Saturday - Jul 11, 2020

Home / Commentary / BREAKOUT PLAYERS: Part 4 – NFC EAST



Derrius Guice, RB

Let’s turn back the clocks to almost one year ago. During this time, most fantasy players I know were trying to figure out if Saquon Barkley was worthy of a Top-5 pick in redraft PPR formats. The next question that everyone was trying to solve was where they should be slotting running back Derrius Guice? With no other running back slated in front of him on the Washington depth chart, the former LSU Tiger standout was in the driver’s seat of what appeared to be a plentiful workload during his rookie season. Then on his first and only play of Washington’s first preseason game of 2018, a play that technically doesn’t even exist in the record books (thanks to a holding call), Guice broke into the New England secondary and down the sideline on an electrifying 34-yard run, a run that in the end would turn out to be a fatefully disastrous one, as he was dragged down from behind by two defenders. It resulted in a torn ACL and Guice’s 2018 season ending on that very day.

Thankfully for fantasy owners and most importantly Derrius Guice, modern healing and modern surgery have made significant strides over the last decade when it comes to the dreaded ACL injury. Once thought of as not just a season-ender, but, a career-ender, the ACL tear is now just a minor setback for those players who have them early in their careers. Guice is just now another player in a long line of NFL athletes who has had to overcome this injury at this point. Most players who suffer this injury at either the running back or wide receiver position are usually not back to fully being themselves until their second year removed from the injury. However, it’s all about how an athlete rehabs and responds to treatment and when the injury occurred. All indications at this point, point the arrow up in favor of Guice being ready this year. Personally, I think this has more to do with the timing of the injury (as I said earlier let’s turn the clock back nearly one year ago). Given a full 12-month rehab and Washington’s talented offensive line, 2019 should produce more than just that small special taste that Guice gave us all last preseason.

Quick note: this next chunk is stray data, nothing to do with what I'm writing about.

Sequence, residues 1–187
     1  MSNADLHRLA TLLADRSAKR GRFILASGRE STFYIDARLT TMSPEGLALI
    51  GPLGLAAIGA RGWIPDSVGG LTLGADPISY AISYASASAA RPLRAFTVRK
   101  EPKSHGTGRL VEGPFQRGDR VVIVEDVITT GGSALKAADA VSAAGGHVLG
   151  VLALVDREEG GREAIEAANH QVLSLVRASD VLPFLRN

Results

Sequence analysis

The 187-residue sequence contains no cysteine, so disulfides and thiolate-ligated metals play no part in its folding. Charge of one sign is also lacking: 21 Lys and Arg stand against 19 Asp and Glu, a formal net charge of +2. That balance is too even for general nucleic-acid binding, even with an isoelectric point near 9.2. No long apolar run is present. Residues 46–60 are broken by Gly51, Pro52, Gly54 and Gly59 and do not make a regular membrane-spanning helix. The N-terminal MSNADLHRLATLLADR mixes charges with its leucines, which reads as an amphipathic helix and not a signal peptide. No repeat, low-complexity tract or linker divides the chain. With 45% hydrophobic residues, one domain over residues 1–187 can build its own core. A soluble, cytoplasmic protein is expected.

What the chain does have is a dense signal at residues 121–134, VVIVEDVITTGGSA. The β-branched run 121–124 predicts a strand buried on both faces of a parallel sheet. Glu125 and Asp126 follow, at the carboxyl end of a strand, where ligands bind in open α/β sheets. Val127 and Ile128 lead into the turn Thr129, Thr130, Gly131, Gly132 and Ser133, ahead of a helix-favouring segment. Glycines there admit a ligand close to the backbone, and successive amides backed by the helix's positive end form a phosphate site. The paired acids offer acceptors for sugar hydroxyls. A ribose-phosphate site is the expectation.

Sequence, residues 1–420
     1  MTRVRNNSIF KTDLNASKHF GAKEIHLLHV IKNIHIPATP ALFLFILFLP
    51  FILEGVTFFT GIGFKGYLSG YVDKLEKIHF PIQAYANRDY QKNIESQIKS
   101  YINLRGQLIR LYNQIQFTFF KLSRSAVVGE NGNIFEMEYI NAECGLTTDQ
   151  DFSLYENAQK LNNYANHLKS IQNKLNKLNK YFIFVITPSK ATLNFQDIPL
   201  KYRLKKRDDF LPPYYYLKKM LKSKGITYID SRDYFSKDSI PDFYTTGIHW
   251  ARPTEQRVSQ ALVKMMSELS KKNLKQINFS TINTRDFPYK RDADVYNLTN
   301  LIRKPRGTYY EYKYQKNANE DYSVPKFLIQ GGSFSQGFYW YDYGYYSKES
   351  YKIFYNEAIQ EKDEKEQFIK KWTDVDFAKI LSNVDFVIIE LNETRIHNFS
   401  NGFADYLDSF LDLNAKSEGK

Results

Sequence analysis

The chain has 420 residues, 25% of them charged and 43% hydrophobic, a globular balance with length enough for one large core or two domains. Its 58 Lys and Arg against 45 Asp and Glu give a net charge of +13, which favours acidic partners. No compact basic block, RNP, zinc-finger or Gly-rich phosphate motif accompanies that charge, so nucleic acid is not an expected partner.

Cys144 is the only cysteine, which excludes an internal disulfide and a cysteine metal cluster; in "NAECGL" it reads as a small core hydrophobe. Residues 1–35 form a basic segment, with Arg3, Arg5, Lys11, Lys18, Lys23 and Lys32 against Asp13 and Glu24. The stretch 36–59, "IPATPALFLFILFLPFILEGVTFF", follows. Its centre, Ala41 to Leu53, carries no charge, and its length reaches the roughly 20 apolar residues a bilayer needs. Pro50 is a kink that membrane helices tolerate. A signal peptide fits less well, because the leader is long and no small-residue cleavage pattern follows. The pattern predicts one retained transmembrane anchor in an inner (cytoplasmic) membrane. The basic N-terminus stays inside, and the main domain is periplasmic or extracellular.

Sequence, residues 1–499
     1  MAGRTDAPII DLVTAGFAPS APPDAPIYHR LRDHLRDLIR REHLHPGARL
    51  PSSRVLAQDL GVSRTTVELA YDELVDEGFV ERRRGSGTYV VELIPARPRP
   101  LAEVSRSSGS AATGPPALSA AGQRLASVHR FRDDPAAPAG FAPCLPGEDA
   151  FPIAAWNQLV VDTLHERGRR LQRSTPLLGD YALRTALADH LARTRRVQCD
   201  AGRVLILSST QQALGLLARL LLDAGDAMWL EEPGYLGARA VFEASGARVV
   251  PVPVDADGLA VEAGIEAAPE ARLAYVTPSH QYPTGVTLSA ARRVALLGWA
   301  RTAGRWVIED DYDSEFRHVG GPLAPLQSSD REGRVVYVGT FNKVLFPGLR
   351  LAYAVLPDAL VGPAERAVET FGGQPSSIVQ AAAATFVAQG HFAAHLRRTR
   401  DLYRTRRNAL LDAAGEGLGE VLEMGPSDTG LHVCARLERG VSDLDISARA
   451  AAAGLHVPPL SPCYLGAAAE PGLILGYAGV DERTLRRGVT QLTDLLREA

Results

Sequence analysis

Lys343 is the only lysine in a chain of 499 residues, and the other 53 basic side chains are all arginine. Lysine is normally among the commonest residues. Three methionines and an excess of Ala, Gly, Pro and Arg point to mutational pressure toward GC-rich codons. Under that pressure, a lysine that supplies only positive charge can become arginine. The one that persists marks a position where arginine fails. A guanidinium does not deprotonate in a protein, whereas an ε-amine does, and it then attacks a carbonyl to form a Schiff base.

Dwayne Haskins, QB

This might be a little premature to place the Ohio State product into the breakout category, but I’m a big believer in what I’ve seen from the former Buckeye during his junior season and now into the role as QB1 in Washington. Assuming he gets the nod as the starter from head coach Jay Gruden (which I think he will) Haskins has all the physical tools and mental capabilities that come with playing the position at a high level in the NFL. Haskins likes to push the ball down the field when he plays, as indicated by his lofty 9 yards per attempt average at Ohio State. This stat bodes well for the skill positions that he is currently surrounded by in Washington. Downfield players like wide receivers Paul Richardson and Josh Doctson instantly become extremely attractive fantasy sleepers as the result of the arrival of Haskins.

Haskins’ best quality overall, however, might just be his age, as the young signal caller just turned 22 back in May. Again, I’m risking quite a bit here in July before training camp hits calling Haskins a potential breakout candidate before even being named the starter, but his competition at this juncture is Case Keenum. Had Alex Smith been healthy then I might have been far more reserved in my opinion here; however, he is not and that is what gives me confidence that when the dust of preseason settles, there will be Haskins standing tall under that 6-foot-3, 230-pound frame, ready to lead Washington in the manner that he led Ohio State in last season.